Fortress Fund Managers Reach Out To Their Clientele, Re – Minimum rate on savings deposits
As you may have read, effective April 21st, the Central Bank of Barbados will no longer be stipulating a minimum rate of interest on savings deposits at commercial banks. We believe this change has some implications for how savers in Barbados may wish to think about their cash balances.
- Why does this matter?
In recent years the specified minimum interest rate on regular savings accounts has been 2.5 percent. Now that the Central Bank will no longer be requiring commercial banks to offer a minimum rate of interest, each commercial bank can set their own interest rate for savings deposits. At least one commercial bank has already indicated that it will be changing the interest rate applied to savings deposits, but customers will have to wait until May to see exactly what that change might be.
The immediate effect of any reduced interest rates on savings deposits is simple – you will earn less on your savings. This can put savers at a disadvantage as it relates to battling inflation. Inflation occurs when the level of the prices for goods and services rises, and consequently purchasing power falls. So, in a situation where you earn less on your savings, your power to keep up with rising prices is diminished.?
A Wider Context
In many markets around the globe, interest rates on savings accounts already vary from bank to bank and are at historically low levels. Some are even negative. Given Barbados’ weakened economic situation in recent years, we may have been earning more than we should have been getting if saving deposit rates had been dictated by market conditions rather than by the Central Bank.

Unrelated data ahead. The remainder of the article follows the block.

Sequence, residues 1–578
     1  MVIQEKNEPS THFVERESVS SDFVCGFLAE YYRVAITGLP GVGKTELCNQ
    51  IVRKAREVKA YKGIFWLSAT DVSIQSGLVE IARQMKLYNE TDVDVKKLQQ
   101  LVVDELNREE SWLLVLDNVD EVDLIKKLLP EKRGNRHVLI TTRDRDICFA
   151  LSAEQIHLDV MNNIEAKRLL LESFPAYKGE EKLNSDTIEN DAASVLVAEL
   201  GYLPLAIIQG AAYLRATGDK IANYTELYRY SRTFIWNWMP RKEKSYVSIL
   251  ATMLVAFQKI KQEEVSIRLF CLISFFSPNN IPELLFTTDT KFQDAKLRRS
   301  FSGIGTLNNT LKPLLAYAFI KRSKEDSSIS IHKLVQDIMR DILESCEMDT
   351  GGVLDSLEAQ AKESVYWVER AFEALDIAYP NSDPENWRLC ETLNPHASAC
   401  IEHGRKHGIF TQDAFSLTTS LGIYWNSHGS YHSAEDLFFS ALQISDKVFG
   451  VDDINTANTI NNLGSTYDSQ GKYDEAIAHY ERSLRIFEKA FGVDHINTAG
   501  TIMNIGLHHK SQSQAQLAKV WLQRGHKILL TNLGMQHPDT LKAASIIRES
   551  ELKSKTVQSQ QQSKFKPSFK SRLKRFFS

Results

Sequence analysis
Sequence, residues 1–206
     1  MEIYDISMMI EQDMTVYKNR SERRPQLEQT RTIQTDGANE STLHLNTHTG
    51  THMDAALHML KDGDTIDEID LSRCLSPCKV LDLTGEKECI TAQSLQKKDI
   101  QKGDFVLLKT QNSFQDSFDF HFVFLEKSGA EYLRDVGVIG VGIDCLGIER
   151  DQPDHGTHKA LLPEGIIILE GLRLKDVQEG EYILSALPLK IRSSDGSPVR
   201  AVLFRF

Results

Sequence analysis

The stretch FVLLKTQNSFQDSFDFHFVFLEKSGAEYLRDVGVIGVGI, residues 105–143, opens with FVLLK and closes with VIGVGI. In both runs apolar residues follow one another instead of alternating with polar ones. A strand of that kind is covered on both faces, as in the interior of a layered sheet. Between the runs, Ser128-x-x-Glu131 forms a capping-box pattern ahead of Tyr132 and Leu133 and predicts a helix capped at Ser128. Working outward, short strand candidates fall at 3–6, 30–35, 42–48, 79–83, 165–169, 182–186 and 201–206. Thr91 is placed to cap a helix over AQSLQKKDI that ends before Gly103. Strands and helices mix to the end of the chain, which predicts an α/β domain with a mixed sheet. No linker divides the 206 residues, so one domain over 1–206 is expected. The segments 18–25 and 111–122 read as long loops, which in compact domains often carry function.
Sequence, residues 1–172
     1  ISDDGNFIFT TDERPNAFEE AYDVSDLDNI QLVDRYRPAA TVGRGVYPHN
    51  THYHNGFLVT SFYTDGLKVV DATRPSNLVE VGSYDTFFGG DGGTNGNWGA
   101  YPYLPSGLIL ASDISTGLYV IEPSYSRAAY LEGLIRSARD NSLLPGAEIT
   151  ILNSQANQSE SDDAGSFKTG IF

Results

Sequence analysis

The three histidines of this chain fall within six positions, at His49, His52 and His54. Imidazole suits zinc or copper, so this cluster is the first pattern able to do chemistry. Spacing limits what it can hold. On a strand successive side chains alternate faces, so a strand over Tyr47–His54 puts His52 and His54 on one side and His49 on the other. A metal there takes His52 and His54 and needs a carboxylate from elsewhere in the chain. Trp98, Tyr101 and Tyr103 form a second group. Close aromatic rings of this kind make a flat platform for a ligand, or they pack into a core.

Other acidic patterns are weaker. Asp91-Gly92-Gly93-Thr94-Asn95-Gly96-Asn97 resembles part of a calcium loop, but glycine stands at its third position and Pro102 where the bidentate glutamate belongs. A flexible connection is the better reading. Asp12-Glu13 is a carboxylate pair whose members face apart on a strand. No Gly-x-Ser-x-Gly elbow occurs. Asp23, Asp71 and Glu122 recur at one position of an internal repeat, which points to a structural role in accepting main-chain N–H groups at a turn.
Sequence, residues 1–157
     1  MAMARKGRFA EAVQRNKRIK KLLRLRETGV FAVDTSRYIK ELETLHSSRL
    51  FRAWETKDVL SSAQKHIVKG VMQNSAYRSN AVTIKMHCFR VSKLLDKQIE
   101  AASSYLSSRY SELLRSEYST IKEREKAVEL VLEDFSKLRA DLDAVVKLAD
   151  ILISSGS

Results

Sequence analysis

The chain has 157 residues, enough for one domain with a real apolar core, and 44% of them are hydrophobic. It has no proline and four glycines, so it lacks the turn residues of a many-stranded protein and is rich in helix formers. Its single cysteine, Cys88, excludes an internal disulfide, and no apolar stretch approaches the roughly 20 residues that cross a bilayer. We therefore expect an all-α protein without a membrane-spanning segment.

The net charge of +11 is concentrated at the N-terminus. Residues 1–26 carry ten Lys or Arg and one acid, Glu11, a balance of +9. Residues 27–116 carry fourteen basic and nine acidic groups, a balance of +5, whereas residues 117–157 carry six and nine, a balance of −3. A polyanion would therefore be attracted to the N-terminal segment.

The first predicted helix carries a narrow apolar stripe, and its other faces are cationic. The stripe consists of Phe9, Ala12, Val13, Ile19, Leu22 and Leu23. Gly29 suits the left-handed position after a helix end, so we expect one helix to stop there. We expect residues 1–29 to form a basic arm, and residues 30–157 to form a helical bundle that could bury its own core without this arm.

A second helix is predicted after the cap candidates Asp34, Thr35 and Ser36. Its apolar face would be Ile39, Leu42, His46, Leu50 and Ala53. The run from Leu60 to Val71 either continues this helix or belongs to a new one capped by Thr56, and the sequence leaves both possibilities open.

On the positive side, now that the rates of interest on savings deposits will be more indicative of financial market forces, they may favourably impact interest rates for borrowing. This in turn could facilitate more economic activities such as business development, construction and consumer spending which has implications for employment growth.
What does this mean for you and your money?
While we can’t predict what each of the commercial banks will do with their deposit interest rates in this new environment, or when they might do it, we can say that lower deposit rates are likely around the corner. Now is a good time to make sure your savings are structured as efficiently as possible. We think there are two points in particular worth considering:
• Invest the rest – Lower interest rates on savings accounts mean that we all need to pay even more careful attention to how much of our long term savings we may have “lumped in” with short term cash balances. Each dollar we earn needs to be given a job. Everyone needs a good balance of cash in the bank to pay bills, meet normal expenses and keep a substantial cushion for the unpredictable. Beyond this amount, excess funds kept in a low interest account may be far better redeployed into investments that can earn higher returns and hopefully outrun inflation over the medium or long term. Mutual funds are a great way to invest while getting instant diversification and maintaining liquidity. Real estate can also be a viable longer term option. Whichever investments we choose, the most important part is to determine what cash reserves we actually need, and to invest the rest.
• Ask questions – Just as we would when buying a car, spending time looking around and researching the available options is important with financial products as well. It is useful to learn what the different financial institutions have to offer, in what way and to what extent they are regulated, what fees they charge, what risks you will be accepting, and how you can gain access to your money if you need it back. Professional advisors can help. And naturally, beware of offers that sound too good to be true, because history has shown that they usually are.
At Fortress investing is all they know, so they’re more than happy to answer any questions you may have. Please feel free to contact them via 431-2198 or firstname.lastname@example.org